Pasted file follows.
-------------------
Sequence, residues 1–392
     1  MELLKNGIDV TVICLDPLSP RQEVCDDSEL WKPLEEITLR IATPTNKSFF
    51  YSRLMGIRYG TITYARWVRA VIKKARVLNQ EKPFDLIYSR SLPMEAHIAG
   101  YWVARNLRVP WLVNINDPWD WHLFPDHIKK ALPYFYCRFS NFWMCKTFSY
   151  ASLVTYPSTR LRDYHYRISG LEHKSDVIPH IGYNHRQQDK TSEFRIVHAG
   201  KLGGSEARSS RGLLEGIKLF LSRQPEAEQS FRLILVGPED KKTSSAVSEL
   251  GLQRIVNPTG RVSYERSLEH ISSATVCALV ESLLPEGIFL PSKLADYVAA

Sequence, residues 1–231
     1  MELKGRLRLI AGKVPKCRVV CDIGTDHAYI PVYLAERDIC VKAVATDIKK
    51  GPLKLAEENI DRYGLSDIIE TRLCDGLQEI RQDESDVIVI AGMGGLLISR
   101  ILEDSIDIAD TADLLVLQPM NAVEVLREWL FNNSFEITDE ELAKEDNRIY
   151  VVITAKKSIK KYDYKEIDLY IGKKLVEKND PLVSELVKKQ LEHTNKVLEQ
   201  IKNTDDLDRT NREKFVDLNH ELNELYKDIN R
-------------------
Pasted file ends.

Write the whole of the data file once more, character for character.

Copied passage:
Sequence, residues 1–392
     1  MELLKNGIDV TVICLDPLSP RQEVCDDSEL WKPLEEITLR IATPTNKSFF
    51  YSRLMGIRYG TITYARWVRA VIKKARVLNQ EKPFDLIYSR SLPMEAHIAG
   101  YWVARNLRVP WLVNINDPWD WHLFPDHIKK ALPYFYCRFS NFWMCKTFSY
   151  ASLVTYPSTR LRDYHYRISG LEHKSDVIPH IGYNHRQQDK TSEFRIVHAG
   201  KLGGSEARSS RGLLEGIKLF LSRQPEAEQS FRLILVGPED KKTSSAVSEL
   251  GLQRIVNPTG RVSYERSLEH ISSATVCALV ESLLPEGIFL PSKLADYVAA

Sequence, residues 1–231
     1  MELKGRLRLI AGKVPKCRVV CDIGTDHAYI PVYLAERDIC VKAVATDIKK
    51  GPLKLAEENI DRYGLSDIIE TRLCDGLQEI RQDESDVIVI AGMGGLLISR
   101  ILEDSIDIAD TADLLVLQPM NAVEVLREWL FNNSFEITDE ELAKEDNRIY
   151  VVITAKKSIK KYDYKEIDLY IGKKLVEKND PLVSELVKKQ LEHTNKVLEQ
   201  IKNTDDLDRT NREKFVDLNH ELNELYKDIN R